p2pnet news | RIAA News:- The Institute for Policy Innovation, a ‘think-tank’ founded by congressman Dick Armey, has released a deeply flawed, 32-page ‘study‘ purporting to prove “rampant global piracy of recorded music” has cost the US $12.5 billion and 71,060 jobs “annually”.
Precisely $12.5 billion? And exactly 71,060? Every year? That’s what its press release says, but it doesn’t say when this began to happen.
The entertainment cartels, of whom EMI (Britain), Vivendi Universal (France), Sony BMG (Japan and Germany) and Warner Music (US) are fully paid-up founding members, are sparing no cost in their efforts to gain total control of how ‘product’ is handled and distributed online, with their various member companies, and only their their various member companies, firmly in the driving seat.
The Big 4 have for years been trying to claim a file shared equals a sale lost in a wild attempt to justify the continuing lawsuits they’re lodging against their own customers in a fruitless effort to turn them into compliant consumers.
However, the claim has been repeatedly shown to be completely untrue by any number of studies, academic and otherwise.
The labels, not to mention the movie studios, say every download represents a theft, although nothing has been stolen and no one has been deprived of anything in any way, shape, manner or form, and no money has changed hands
To the contrary, it’s now widely accepted that downloading constitutes an invaluable form of viral marketing, which is why more and more bands not tied to the Big 4 are turning songs loose online.
And many of them go even further.
Prince, for example, ran every song on his latest CD for free on the P2P filesharing networks, and you don’t hear him complaining about the results.
Meanwhile, according to the Big 4 labels, any given music lover would have bought a corporate music file had they not previously downloaded it.
Carved in rock guaranteed.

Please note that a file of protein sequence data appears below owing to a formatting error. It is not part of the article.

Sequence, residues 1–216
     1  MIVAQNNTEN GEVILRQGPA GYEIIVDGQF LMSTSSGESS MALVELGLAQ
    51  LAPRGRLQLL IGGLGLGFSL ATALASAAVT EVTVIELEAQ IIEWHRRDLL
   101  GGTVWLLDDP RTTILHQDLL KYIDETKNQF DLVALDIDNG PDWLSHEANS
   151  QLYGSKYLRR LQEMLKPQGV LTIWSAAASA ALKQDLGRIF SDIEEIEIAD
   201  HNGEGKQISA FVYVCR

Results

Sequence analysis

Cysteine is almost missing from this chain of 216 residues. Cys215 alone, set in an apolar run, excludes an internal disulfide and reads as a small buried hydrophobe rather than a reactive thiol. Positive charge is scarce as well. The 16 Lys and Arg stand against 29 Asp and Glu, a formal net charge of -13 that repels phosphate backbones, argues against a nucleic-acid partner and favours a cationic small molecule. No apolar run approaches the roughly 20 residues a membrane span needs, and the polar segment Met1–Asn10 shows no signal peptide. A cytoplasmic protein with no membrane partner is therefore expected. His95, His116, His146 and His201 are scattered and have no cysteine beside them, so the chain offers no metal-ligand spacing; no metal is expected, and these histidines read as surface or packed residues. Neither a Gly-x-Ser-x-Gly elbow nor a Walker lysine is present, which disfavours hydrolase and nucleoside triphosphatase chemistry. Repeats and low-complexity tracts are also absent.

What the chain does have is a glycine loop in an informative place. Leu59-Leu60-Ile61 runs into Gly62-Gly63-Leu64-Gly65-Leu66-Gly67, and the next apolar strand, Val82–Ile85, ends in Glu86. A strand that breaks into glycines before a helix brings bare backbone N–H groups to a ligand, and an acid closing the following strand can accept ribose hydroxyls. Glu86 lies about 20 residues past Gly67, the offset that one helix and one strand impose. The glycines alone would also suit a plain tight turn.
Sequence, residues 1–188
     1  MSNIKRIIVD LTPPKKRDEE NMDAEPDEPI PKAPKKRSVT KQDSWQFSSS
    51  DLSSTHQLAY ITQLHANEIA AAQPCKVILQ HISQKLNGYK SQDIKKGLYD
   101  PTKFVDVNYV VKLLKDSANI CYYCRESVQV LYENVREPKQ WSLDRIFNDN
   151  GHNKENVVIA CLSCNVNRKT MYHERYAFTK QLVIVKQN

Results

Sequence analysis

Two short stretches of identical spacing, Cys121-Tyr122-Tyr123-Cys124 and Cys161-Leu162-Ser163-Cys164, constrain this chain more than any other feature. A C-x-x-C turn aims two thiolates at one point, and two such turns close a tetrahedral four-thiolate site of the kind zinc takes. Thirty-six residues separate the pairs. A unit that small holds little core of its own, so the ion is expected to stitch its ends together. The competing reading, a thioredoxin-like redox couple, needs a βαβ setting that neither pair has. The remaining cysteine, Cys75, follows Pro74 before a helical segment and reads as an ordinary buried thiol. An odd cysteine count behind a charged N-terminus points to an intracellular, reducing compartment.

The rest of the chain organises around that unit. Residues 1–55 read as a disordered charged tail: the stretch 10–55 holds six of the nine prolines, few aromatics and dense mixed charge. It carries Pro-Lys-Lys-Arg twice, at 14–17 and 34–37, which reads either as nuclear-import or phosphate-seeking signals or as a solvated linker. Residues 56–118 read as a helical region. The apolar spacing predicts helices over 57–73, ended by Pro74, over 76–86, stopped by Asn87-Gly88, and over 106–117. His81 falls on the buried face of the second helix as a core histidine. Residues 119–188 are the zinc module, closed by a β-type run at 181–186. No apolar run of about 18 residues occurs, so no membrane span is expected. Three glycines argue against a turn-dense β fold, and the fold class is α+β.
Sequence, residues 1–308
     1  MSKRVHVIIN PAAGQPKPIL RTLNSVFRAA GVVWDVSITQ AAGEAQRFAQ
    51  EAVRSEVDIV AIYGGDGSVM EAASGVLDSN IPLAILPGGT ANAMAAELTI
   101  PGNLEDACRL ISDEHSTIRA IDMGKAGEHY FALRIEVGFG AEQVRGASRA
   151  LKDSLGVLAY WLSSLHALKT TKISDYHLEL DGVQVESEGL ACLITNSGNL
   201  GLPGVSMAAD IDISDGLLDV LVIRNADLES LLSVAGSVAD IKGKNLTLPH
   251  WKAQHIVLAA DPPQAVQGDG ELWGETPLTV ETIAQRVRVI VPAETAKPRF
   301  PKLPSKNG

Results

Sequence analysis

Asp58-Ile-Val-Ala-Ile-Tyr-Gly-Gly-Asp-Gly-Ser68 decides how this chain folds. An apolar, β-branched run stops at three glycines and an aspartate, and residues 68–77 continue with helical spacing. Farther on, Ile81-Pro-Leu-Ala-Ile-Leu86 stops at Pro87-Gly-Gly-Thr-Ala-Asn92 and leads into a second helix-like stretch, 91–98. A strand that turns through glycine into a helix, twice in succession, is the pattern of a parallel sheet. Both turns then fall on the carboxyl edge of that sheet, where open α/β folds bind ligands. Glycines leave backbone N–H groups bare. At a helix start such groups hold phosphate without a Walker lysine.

It’s hard to think of a more absurd contention. But that’s the claim. And that’s what the mainstream media faithfully regurgitate as though it emanates from reliable and credible sources.
And The True Cost of Sound Recording Piracy to the U.S. Economy supports this ridiculous assertion, presenting it as hard fact.
It concludes:, “the U.S. sound recording industries are now sustaining approximately $5.33 billion in losses as a result of global and U.S. piracy. In addition, U.S. retailers are losing another $1.04 billion. These estimates suggest total ‘direct’ losses to all U.S. industries from music piracy that exceed $6.37 billion.
“These direct losses then cascade through the rest of the U.S. economy and the losses of economic output, jobs and employee earnings ‘multiply.’
“Based on the analyses set forth in this paper, because of music piracy, the U.S. economy loses a total of $12.5 billion in economic output each year.”
Confidently expect to see this fulsome and overblown report repeated as incontrovertible fact ad nauseum, and at length and in detail, in the mainstream media, and by various bought-and-paid-for US congresspersons
Jon Newton – p2pnet
and you don’t hear him complaining – Prince`s Planet Earth CD: FREE!, June 29, 2007